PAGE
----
What is in a Name? Michaelsen Hall

Helen Michaelson

Helen M. Michaelsen

Helen M. Michaelsen (often misspelled as Michaelson), namesake for CWU’s Michaelsen Hall, enjoyed an active life.

Proof of that exists in the collection of home movies from the 1940s containing footage she took from trips to China (in 1940), the Grand Canyon, and the Canadian Rockies. She donated the films to CWU and many can be viewed online at https://digitalcommons.cwu.edu/michaelson_movies/.

Michaelsen was an associate professor of home economics at Central Washington State College (now known as CWU) from 1937 until her retirement in 1970. She founded the Home Economics Department and developed a model program in home economics to train public school teachers.

She was also an active in a number of organizations including the First Presbyterian Church in Ellensburg, Delta Kappa Gamma (a professional society for women educators), the Friday Club (a local women’s social club), and the Philanthropic Education Organization (PEO).

She also was a strong supporter of public broadcasting, the Salvation Army, the Odessa (Washington) Historic Society and the Scientific Research Society.

Michaelsen was born in Lincoln, Washington, on February 22, 1902. She received her early education in Odessa, Washington, and graduated from Odessa High School in 1920. He attended the University of Washington (UW) in Seattle, earning MA and MS degrees in Home Economics, and went on to do graduate work at the University of California, Berkeley.

Following her graduation from UW, she taught high school classes for several years in Kennewick, Washington, and Ridgefield, Washington. In 1937, she joined the faculty at CWSC. For the next several decades, in addition to her teaching and research, she traveled throughout the US and in other countries.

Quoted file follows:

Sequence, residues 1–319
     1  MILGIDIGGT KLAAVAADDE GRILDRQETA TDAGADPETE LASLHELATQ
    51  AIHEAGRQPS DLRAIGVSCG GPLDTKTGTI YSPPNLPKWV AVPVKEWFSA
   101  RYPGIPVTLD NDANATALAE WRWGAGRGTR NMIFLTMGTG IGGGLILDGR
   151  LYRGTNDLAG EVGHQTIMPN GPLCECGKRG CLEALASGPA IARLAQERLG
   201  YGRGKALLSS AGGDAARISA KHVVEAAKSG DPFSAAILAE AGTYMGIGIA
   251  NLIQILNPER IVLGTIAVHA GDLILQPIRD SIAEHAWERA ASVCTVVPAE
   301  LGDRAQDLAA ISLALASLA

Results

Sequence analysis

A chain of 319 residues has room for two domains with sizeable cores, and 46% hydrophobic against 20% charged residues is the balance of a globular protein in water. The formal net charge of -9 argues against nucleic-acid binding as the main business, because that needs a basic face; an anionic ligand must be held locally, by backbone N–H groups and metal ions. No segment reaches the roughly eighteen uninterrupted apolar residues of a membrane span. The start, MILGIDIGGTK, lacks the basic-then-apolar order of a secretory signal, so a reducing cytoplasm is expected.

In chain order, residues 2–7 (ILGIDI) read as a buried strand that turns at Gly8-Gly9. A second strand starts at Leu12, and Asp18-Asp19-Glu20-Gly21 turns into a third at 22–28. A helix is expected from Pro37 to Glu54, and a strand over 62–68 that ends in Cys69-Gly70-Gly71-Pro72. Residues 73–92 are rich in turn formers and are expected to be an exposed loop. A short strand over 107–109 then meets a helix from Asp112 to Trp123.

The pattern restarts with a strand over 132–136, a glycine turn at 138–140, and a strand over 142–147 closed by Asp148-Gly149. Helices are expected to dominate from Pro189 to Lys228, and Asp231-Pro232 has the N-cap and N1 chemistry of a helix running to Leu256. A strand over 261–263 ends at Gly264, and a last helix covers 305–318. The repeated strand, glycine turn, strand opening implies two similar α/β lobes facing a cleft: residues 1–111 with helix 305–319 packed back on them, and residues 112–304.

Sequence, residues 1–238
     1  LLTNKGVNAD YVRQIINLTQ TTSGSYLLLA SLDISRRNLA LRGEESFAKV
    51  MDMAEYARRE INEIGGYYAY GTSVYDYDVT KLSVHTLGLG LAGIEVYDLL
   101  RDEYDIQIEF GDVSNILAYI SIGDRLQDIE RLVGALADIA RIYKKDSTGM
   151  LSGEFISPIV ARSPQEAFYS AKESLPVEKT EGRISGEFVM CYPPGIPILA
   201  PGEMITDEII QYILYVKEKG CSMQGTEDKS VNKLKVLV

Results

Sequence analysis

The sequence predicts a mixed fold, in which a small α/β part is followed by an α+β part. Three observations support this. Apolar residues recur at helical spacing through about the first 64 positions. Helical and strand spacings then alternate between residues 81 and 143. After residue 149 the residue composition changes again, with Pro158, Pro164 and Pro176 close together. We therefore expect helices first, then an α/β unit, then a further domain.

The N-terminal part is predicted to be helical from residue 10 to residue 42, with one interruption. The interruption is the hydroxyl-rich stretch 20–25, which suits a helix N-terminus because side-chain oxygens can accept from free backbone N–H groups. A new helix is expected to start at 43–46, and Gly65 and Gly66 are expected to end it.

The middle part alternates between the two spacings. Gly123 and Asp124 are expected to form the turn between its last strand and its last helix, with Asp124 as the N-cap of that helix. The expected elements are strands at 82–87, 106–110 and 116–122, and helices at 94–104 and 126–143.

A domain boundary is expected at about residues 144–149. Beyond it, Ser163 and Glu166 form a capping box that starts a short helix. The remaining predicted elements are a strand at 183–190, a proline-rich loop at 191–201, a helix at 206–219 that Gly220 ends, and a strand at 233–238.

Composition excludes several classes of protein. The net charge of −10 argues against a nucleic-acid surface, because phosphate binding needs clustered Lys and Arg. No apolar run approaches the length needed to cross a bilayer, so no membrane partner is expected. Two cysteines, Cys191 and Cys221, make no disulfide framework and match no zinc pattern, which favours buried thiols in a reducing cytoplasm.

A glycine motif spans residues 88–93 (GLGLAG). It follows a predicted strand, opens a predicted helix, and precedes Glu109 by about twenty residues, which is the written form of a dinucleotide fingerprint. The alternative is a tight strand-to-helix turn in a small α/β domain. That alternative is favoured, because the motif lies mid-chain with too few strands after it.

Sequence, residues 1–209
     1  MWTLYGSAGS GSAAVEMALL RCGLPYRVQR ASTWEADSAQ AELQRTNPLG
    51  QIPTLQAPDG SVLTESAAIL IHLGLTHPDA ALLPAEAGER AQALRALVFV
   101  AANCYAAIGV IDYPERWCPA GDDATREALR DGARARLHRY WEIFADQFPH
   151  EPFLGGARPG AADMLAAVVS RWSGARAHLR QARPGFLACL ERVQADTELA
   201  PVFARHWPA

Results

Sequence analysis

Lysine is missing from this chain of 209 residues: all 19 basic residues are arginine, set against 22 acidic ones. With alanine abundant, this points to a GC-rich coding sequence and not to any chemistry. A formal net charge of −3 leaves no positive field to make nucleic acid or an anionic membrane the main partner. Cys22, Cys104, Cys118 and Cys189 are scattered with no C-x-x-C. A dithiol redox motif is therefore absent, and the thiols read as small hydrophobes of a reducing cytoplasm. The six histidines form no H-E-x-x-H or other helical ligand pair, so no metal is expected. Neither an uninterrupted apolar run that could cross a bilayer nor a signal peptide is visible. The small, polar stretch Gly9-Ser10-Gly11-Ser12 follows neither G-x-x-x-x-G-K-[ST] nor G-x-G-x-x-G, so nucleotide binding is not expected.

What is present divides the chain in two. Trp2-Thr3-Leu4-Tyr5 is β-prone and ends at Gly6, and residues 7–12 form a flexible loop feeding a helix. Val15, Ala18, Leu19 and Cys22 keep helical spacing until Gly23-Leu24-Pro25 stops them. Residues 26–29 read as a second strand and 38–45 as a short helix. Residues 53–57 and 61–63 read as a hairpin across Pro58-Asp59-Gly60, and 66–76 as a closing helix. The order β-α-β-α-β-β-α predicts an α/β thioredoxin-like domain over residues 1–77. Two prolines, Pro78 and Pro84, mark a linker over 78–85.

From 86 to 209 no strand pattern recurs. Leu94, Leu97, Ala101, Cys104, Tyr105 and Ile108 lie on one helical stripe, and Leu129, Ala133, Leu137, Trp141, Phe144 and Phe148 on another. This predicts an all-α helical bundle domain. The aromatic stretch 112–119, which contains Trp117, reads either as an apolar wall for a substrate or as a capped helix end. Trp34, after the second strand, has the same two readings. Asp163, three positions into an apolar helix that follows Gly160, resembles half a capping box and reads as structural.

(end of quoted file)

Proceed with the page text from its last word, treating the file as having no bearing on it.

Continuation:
In 1970, after more than three decades of teaching, Michaelsen retired but continued to reside in Ellensburg until her death from a heart attack on July 24, 1983. She is buried at the Odessa Cemetery.

In 1969, the university embarked on a building spurt that saw an addition built on the old Samuelson Union Building as well as the construction of the connected Michaelsen and Randall halls, Brooklane Apartments and Mitchell Hall.

The pair of buildings (Michaelsen and Randall), were built using brick, glass, and concrete and reflect the transition period between the Mid-Century Modern architectural style and Late Modern style.

The two structures are linked by a one-story catwalk, so they are commonly referred to as Michaelsen-Randall Hall. The two sections are two stories, with seven courtyards scattered around the periphery.

Today, Michaelsen Hall is home to the Department of Family and Consumer Sciences, which include family and consumer science education, fashion and merchandising, and other majors.

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